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New CDC data shows huge fall in teen smoking

The Centers for Disease Control released the latest data on teenage smoking in the USA on Friday, along with their own analysis of the figures. While the agency’s analysis is likely to prove controversial, the actual data shows that the rise of vaping has coincided with a massive and unprecedented fall in the number of US teens who smoke cigarettes.

The CDC highlighted the fact that e-cig use by middle and high school students has increased dramatically since 2011. This is correct; while 1.5% of high school students and 0.6% of middle school students reported having used a vapour product at least once in the previous 30 days, by 2017 these figures had risen to 11.7% and 3.3% respectively.

However, the real news in the figures is that the number of students who report having smoked in the past 30 days has fallen just as sharply. In 2011, 15.8% of high school, and 4.3% of middle school, students smoked. Now those numbers are down to 7.6% and 2.1% – a decline of over 50% in both cases.

Another conclusion from the survey, and a devastating blow for “gateway” proponents who claim that vaping is leading to a surge in teen nicotine use, is that over all teen use of tobacco products – even using the US government’s controversial definition – is down, and continued to decline from 2016 to 2017. The CDC also found no evidence of the “JUUL epidemic” that has generated so much media attention recently.

Veteran harm reduction expert Bill Godshall laid several criticisms against the CDC’s presentation of the data. Points he singled out included:

  • Deceitfully conflating infrequent smokefree vaping with daily cigarette smoking (by classifying and referring to both “current tobacco use” and “current tobacco users”).
  • Deceitfully classifying/defining the vaping of nicotine-free flavors, THC flower & oil, and CBD oil as “current tobacco use” and “current tobacco users”.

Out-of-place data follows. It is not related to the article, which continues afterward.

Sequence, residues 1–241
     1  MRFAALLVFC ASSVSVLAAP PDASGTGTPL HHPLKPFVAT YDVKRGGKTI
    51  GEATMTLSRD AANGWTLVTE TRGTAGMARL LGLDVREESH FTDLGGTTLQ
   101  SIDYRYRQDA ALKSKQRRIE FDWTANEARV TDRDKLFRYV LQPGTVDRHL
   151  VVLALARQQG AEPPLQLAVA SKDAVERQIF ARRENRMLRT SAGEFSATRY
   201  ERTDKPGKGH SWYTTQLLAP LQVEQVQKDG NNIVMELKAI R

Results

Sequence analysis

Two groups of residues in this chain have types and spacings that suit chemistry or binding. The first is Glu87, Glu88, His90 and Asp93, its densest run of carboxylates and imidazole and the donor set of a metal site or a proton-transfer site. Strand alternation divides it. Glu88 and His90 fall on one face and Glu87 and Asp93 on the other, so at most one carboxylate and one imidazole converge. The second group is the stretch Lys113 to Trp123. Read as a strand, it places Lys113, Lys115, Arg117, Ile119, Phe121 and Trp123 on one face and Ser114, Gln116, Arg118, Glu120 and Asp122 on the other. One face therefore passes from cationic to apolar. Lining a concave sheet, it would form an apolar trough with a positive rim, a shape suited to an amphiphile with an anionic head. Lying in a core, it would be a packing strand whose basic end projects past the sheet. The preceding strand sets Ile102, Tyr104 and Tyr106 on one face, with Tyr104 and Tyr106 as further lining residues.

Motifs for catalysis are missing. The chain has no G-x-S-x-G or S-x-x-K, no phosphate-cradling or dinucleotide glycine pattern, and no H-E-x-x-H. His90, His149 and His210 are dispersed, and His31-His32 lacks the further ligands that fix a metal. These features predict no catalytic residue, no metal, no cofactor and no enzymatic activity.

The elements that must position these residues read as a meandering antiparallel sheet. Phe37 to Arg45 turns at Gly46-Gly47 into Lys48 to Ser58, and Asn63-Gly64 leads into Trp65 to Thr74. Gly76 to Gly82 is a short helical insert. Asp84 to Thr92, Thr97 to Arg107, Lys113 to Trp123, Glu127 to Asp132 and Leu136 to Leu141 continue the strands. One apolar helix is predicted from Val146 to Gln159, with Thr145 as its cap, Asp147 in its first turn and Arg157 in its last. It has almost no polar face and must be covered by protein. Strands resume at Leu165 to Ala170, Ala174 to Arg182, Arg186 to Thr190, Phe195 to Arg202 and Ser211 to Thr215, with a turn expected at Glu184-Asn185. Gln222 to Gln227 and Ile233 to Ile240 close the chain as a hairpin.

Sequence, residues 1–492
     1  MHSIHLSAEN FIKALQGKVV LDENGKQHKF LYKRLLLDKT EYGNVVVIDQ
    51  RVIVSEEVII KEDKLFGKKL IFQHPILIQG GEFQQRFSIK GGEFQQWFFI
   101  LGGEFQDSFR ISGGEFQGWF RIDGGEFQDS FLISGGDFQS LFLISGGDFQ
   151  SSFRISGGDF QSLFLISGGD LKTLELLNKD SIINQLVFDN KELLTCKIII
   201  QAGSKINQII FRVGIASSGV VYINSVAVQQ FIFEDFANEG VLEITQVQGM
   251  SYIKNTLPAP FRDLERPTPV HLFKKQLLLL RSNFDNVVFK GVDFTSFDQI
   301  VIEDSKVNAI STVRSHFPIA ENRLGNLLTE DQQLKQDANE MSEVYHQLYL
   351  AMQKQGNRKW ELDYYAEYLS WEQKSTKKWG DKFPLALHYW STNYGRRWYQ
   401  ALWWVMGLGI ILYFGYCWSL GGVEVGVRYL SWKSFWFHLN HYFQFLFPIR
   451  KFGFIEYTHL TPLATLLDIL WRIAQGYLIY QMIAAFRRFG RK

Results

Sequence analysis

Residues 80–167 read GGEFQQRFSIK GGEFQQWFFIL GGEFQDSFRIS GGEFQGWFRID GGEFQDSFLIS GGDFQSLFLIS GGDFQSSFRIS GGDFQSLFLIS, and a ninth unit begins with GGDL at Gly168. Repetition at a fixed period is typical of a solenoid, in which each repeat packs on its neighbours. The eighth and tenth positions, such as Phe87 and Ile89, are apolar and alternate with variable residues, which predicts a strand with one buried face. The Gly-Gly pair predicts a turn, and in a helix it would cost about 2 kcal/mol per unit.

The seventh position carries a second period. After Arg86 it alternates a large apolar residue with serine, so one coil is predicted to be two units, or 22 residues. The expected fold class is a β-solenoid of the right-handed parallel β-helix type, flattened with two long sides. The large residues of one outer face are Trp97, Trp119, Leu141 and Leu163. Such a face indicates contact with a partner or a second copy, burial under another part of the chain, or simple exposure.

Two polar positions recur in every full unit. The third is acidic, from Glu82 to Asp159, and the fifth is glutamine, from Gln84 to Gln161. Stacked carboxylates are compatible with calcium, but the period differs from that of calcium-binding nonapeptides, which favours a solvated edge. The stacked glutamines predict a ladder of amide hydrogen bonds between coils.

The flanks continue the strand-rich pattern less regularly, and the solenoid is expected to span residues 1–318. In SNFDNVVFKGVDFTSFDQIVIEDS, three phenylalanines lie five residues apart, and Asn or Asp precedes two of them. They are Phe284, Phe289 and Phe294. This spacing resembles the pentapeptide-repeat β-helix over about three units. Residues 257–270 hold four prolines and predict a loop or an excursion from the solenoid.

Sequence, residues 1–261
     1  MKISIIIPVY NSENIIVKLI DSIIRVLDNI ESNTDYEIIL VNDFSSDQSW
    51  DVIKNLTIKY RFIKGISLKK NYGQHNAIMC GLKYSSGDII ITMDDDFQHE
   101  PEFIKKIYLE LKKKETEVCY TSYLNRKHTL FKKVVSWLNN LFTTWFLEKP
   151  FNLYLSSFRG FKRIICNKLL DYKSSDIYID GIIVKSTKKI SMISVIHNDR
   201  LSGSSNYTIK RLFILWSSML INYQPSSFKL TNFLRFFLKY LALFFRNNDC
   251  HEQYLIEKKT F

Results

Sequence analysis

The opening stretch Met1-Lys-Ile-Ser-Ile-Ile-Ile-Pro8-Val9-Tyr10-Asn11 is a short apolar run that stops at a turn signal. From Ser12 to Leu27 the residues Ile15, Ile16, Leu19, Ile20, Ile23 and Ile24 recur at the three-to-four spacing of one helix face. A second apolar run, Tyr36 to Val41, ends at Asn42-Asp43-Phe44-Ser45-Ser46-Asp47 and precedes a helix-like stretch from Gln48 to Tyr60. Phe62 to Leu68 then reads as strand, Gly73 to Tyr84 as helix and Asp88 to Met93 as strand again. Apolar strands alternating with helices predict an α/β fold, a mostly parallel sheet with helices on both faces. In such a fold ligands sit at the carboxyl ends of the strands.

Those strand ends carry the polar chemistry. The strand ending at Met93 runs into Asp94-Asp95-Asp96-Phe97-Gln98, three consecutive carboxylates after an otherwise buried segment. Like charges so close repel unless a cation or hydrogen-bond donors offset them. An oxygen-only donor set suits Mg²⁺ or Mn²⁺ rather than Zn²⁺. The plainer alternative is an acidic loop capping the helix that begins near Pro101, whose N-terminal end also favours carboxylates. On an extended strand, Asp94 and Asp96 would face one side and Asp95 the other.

• Deceptively classifying/defining some/most “cigar use” and “users” (who smoke cigar blunts containing marijuana) as “current tobacco use” and “current tobacco users”.
  • Refusing to acknowledge that cigarette smoking (or tobacco smoking) is far more harmful than using smokefree tobacco or vapor products.

 

JUUL faces ban in Israel – but plans to fight

Popular e-cigarette manufacturer JUUL Labs is facing the threat of having its flagship product banned in Israel. Last week deputy health minister Yaakov Litzman claimed that, just because JUUL’s nicotine content is almost three times what’s permitted in the EU (which Israel is not a member of) it’s a danger to public health. However, JUUL Labs aren’t taking the threat lying down.

This week the company’s legal representative in Israel sent a letter to the deputy attorney general for criminal matters, Raz Nizri. According to JUUL’s lawyer, the proposed ban is illegal and won’t stand up to scrutiny. Israel has no legislation on e-cigarettes, and a ban that targets one product out of the many available in the country is likely to be ruled discriminatory.

 

UK firefighters – Cigarettes start fires; switch to vaping

London Fire Brigade, the fifth largest firefighting service in the world, has urged smokers to reduce the risk of fatal fires by quitting or switching to vaping. The call, based on the latest fire statistics across the LFB’s area, puts media scaremongering about e-cig battery accidents into stark perspective.

According to LFB, in the last five years lit cigarettes have caused an average of 22 fires per week in their area. Since 2013 that adds up to 5,879 fires in London, 416 injuries and 76 deaths. In the same period there have only been 20 fires linked to vaping, and no deaths. That means a fire is almost 300 times more likely to be caused by smoking than vaping.

Dan Daly, LFB’s assistant commissioner for fire safety, said “There is a common misconception that vapes are a fire risk but the reality is they have caused a very small number of fires – normally because the device is broken or it’s being charged by a faulty charger. Smoking on the other hand is a killer. Common causes of smoking related fires are people falling asleep while smoking or discarding cigarette butts or matches that have not been properly extinguished.”

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